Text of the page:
Saturday 16 December 2017

Syrian forces resort to nail bombs as protesters rally

Demonstrators protesting against Syria's President Bashar al-Assad march through the streets in Ma'arrat al-Numan
Demonstrators protesting against Syria's President Bashar al-Assad march through the streets in Ma'arrat al-Numan

Adrian Blomfield, Middle East Correspondent and Christine Marlow

SYRIAN security forces used nail bombs and stun grenades yesterday as protesters rallied in record numbers to show an Arab League peace mission their opposition to President Bashar al-Assad.

Protest organisers had appealed for an unprecedented show of force from their supporters -- but even they were taken aback by the scale of the response as hundreds of thousands took to the streets.

By nightfall, it appeared that the last Friday of 2011 was quite possibly the most momentous of a tumultuous year in Syria. In the northern province of Idlib, an estimated 250,000 people gathered in 74 locations, defying even the most optimistic expectations of activist leaders.

There were protests in each of Syria's 14 provinces, opposition officials said, with sizeable demonstrations in a number of districts in Damascus and Aleppo, the two biggest cities.

In part, the turnout could be attributed to a significantly reduced army presence on the streets. Tanks were withdrawn to the outskirts of the city of Idlib as the regime sought to demonstrate that it was at least paying lip service to Arab League demands that it stop shelling civilians.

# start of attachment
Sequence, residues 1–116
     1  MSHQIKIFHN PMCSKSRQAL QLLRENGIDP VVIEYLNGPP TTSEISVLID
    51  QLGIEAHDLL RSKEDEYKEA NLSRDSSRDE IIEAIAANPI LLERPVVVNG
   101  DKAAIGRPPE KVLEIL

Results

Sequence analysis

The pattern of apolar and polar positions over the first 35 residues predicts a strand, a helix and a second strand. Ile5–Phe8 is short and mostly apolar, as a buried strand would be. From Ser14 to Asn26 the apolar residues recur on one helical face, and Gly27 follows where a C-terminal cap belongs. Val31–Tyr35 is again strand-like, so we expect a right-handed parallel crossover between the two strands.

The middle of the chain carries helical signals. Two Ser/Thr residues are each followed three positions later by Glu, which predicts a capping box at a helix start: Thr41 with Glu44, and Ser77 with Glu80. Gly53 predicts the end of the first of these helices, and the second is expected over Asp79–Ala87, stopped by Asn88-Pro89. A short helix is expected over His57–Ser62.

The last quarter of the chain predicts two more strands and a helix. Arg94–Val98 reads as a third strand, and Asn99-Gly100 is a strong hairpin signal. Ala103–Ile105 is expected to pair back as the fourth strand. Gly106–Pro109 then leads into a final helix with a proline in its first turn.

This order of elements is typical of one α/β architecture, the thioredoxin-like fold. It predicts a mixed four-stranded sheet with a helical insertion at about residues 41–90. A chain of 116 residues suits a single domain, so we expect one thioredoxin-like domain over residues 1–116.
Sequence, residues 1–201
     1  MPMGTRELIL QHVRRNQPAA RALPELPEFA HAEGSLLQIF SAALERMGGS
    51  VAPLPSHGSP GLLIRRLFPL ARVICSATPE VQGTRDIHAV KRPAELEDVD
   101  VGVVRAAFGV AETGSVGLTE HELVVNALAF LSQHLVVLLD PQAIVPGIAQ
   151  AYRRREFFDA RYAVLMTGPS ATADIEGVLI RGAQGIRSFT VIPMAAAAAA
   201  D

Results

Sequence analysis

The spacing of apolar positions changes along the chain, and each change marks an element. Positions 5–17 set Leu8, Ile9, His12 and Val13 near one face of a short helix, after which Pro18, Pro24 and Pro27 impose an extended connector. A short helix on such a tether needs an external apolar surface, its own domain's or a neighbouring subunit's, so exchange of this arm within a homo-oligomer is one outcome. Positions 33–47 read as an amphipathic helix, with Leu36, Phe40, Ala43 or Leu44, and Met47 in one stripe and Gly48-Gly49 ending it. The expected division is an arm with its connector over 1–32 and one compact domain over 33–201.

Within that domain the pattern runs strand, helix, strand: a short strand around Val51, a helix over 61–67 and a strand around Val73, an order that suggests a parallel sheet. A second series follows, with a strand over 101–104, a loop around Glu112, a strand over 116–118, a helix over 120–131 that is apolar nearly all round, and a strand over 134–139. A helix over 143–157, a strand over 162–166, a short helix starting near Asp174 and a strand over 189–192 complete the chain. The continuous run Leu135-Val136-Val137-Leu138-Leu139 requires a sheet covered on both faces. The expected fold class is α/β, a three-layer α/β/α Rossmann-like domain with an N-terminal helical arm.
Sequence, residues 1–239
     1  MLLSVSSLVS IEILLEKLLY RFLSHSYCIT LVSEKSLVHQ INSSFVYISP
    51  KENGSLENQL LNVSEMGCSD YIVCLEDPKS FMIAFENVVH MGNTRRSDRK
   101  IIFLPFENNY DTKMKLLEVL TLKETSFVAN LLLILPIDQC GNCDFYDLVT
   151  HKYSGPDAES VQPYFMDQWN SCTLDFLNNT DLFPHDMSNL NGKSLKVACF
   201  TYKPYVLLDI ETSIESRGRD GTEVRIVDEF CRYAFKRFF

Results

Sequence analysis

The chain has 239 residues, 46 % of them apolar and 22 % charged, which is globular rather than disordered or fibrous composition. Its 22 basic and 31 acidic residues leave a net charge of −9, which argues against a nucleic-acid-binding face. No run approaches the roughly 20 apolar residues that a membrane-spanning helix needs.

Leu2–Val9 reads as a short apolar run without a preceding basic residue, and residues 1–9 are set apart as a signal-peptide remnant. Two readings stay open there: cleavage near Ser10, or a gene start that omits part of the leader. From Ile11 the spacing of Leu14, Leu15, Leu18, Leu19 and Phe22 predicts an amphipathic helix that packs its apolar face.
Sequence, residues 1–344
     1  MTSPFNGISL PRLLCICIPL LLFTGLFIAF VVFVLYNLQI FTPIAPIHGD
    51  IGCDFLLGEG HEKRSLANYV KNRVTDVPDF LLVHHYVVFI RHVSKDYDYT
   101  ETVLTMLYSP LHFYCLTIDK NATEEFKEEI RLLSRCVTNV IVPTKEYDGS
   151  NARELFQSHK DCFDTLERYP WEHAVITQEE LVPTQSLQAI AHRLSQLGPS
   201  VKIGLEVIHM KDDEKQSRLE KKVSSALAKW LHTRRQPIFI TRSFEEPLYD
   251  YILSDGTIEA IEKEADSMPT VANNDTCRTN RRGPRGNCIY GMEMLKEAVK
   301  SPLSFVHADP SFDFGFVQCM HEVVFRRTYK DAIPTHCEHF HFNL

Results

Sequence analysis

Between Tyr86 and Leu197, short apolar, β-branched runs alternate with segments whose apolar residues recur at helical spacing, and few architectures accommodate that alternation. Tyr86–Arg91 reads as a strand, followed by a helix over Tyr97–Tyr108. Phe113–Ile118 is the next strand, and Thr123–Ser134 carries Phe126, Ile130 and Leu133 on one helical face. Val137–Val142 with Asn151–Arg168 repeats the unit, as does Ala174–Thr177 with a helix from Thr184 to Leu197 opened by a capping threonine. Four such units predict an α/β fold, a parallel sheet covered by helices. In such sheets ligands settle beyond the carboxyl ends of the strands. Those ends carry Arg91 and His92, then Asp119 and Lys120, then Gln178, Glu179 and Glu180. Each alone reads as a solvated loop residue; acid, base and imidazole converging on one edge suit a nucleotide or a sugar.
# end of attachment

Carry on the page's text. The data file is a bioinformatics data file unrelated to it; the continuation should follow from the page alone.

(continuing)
The use of artillery against protesters has been the government's favoured way of quelling unrest over the course of the nine-month uprising.

The tactic has ensured that disaffected soldiers do not get close enough to protesters to defect while inflicting maximum terror.

Deprived of its weapon of choice, the regime was forced to resort to cruder methods. The security forces fired automatic rifles at protesters in the cities of Hama and Dera'a and, according to opposition groups, used nail bombs to disperse demonstrators in Douma on the outskirts of Damascus.

Amateur video footage yesterday appeared to show an injured anti-regime activist in Douma being dragged along the ground.

Tens of thousands gathered outside Douma's Great Mosque after noon prayers. Security forces moved in as they attempted to march on Baladia Square in the centre of the town.

"Halfway there, the security forces attacked, firing tear gas and nail bombs," said one protester, who identified himself as Ahmed. "The crowds dispersed, everyone was trying to hide. More than 100 were injured. Nails riddled the lower part of one man's body. It seemed he no longer had legs."

The regime has been accused of using nail bombs since August, resulting in a large number of amputations that have often been conducted in makeshift field clinics because protesters taken to hospitals have frequently disappeared.

Elsewhere in the country, the security forces used tear gas and stun grenades, which proved just as ineffective in beating the crowds back. In some areas, protesters wore white shrouds to symbolise their readiness for martyrdom.

Protest organisers were exultant, claiming that the day was a turning point, one on which a growing number of Syrians had shed their fear to join demonstrations for the first time. (© Daily Telegraph, London)

Irish Independent

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